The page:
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Neo-Banks, CAC, And How VC Can Change Markets

A company recently took a drubbing in the public markets thanks to a notable foe: startups.

Well-funded startups, to be precise. Green Dot, a company that provides banking services with a focus on pre-paid cards, saw its share price fall from the upper $40s to the high $20 after reporting its second-quarter earnings.

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What caused the firm to lose such a sharp percent of its worth? Green Dot pointed at competition from one of our most-watched startup categories, the neo-banks.


Green Dot did not disappoint investors by reporting underwhelming Q2 results. In fact, the company beat on revenue ($278.3 million; GAAP) and earnings per share ($0.90; non-GAAP, diluted).

So what caused the firm to drop so sharply? The future. As the Wall Street Journal recently reported:

Shares in the bank known for issuing prepaid debit cards fell 42% to $27.42 on Thursday after it scaled back its revenue and profit outlook for the rest of the year, citing competition from financial-tech startups that offer checking and savings accounts.

How sharp were the changes that led to such a dramatic repricing of Green Dot’s equity, and therefore the company itself? Pretty sharp, as it turns out.

You can read the company’s entire “Updated Outlook” in its earnings report here, but the short version goes as follows:

  • Full-year non-GAAP revenue of $1.060 billion to $1.080 billion against prior guidance of $1.114 billion to $1.134 billion. (The company employs precise revenue numbers due to the granularity of its growth.)
  • Full-year adjusted EBITDA (an adjusted profit metric) of $240 million to $244 million, down from prior guidance of $255 million to $261 million.
  • Full-year adjusted earnings per share (EPS) of $2.71 to $2.77, lower than the previously expected $2.82 and $2.91 in per-share adjusted EPS.

So Green Dot expects smaller revenues, lower adjusted profit, and slimmer profit-per-share. Investors reacted by hitting the “sell” button. Let’s return now to who is to blame, from the company’s perspective.

Who Is To Blame?

Companies like Chime, Acorns, and others are at fault, it seems. According to the same WSJ article, Green Dot’s CEO said the following:

Several so-called neobanks flush with new rounds of venture capital [are] spending a record amount of marketing dollars to convert customers to their largely free bank account offerings. […] There’s little doubt in our minds that the increased marketing spend from so many competitors in aggregate is taking its toll on our new-customer acquisition.

Astute and regular readers of Crunchbase News should not be surprised at this result.

Continuing our coverage of neo-banks, we noted a slide in Mary Meeker’s Internet trends report showing that, among the startup cohort, customer acquisition costs (CAC) are rising. Why would CAC rise among neo-banking startups? In short because as more companies with more dollars pursue the same sorts of channels to reach the same sort of customers, the cost to acquire a marginal customer increases.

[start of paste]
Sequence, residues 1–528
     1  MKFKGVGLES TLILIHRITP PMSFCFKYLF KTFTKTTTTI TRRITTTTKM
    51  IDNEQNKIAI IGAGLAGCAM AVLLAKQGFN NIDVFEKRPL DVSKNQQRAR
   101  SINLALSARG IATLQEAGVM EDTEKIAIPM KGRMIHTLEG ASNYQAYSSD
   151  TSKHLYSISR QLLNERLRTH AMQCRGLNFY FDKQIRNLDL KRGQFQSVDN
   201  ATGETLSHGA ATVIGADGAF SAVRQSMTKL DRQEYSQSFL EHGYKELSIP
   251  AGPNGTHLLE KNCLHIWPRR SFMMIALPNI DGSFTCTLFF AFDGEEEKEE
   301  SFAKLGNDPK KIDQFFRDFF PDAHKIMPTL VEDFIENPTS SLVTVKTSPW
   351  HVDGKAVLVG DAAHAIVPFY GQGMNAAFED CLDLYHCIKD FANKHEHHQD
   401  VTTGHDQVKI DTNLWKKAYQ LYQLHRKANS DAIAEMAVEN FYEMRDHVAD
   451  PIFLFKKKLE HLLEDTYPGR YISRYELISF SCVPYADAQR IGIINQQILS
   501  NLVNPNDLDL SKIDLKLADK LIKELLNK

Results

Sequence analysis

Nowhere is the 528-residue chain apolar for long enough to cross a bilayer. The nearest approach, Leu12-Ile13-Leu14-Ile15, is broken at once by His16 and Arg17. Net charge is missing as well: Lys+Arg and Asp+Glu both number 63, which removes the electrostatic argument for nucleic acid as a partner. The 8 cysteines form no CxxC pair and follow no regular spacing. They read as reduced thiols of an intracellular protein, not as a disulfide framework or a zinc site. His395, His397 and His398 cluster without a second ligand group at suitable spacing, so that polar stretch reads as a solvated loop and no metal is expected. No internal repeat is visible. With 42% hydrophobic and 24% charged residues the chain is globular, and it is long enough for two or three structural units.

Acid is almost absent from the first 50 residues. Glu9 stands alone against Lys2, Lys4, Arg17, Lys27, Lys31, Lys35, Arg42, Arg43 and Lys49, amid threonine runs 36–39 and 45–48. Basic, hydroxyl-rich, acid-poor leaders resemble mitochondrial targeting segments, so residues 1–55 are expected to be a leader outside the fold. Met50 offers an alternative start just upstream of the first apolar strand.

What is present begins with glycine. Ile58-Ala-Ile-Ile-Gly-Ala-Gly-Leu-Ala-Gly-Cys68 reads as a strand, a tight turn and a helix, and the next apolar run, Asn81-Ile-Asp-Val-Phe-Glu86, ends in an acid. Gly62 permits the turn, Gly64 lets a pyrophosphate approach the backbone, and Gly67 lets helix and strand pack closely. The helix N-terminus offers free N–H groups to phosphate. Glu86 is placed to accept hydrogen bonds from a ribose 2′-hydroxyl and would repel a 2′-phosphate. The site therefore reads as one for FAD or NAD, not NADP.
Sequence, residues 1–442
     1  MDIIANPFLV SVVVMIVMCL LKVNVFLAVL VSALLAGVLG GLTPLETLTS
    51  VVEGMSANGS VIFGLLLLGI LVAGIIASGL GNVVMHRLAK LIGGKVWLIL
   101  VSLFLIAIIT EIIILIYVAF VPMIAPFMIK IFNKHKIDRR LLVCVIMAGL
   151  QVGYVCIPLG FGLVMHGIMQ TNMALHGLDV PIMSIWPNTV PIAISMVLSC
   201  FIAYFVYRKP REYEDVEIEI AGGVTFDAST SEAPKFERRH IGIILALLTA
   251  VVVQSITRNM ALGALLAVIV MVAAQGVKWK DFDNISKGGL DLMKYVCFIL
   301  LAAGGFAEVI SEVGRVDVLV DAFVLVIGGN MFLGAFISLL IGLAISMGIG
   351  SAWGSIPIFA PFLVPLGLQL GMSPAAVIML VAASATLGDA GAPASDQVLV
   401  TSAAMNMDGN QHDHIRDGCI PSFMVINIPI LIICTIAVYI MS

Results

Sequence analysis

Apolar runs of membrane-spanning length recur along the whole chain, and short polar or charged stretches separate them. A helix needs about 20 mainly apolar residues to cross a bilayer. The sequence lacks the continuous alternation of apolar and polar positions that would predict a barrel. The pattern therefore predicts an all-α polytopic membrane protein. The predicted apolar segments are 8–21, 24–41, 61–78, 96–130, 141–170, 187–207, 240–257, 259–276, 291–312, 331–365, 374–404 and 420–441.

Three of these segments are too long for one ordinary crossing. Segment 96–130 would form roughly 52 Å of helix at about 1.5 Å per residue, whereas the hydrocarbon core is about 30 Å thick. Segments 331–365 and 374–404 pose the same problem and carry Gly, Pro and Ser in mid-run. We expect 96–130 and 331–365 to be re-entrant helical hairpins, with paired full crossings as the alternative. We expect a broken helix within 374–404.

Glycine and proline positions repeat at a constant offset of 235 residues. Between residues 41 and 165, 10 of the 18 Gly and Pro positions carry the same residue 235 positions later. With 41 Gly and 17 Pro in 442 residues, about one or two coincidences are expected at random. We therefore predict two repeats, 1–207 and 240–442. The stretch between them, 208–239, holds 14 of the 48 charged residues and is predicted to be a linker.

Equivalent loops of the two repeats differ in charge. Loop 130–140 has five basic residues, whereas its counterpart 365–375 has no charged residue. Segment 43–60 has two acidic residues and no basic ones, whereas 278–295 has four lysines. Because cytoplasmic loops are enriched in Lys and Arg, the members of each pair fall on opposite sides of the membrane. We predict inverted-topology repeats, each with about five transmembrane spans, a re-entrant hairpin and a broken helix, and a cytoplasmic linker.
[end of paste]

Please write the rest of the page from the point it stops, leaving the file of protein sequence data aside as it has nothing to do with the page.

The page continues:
Startups are tasked with growth. So, when a number of startups target the same customers, they are going up against companies with similar charters (fast growth) and bank accounts (venture-backed).

This happens in any category where companies compete. Especially startups. The market has seen, for example, higher costs in the direct-to-consumer business space as more companies have been founded, more money invested, and the startups themselves have gone hunting for new signups in similar space.

Your Instagram feed is a good reminder about where some venture dollars go: Quip, Harrys, Hims, and more. The list and creative marketing campaigns continue.

Regarding neo-banks, recall how much money they have raised in rapid succession. From our coverage from just two months ago:

Money is chasing the [neo-banks]. Chime has raised a total of $309 million, including a $200 million round earlier this year. Robinhood has raised just under $540 million, including a $363 million round last year. SoFi has raised $2.5 billion, including $500 million this year. Acorns has raised $207 million, including $105 million last year.

To summarize, neo-banks are well-financed and in a hurry. Their hunger to buy new users and — hopefully — customers, is leading to more expensive CAC. And that’s dragging incumbent growth rates down.

The question now becomes can any of the wealthy neo-banks do what Green Dot already has: Grow, go public, and generate profit. (Green Dot had positive net income of nearly $35 million in Q2 2019. That’s more in net income than most neo-banks did in total revenue during Q2 2019, I’d reckon.)

Illustration: Li-Anne Dias.

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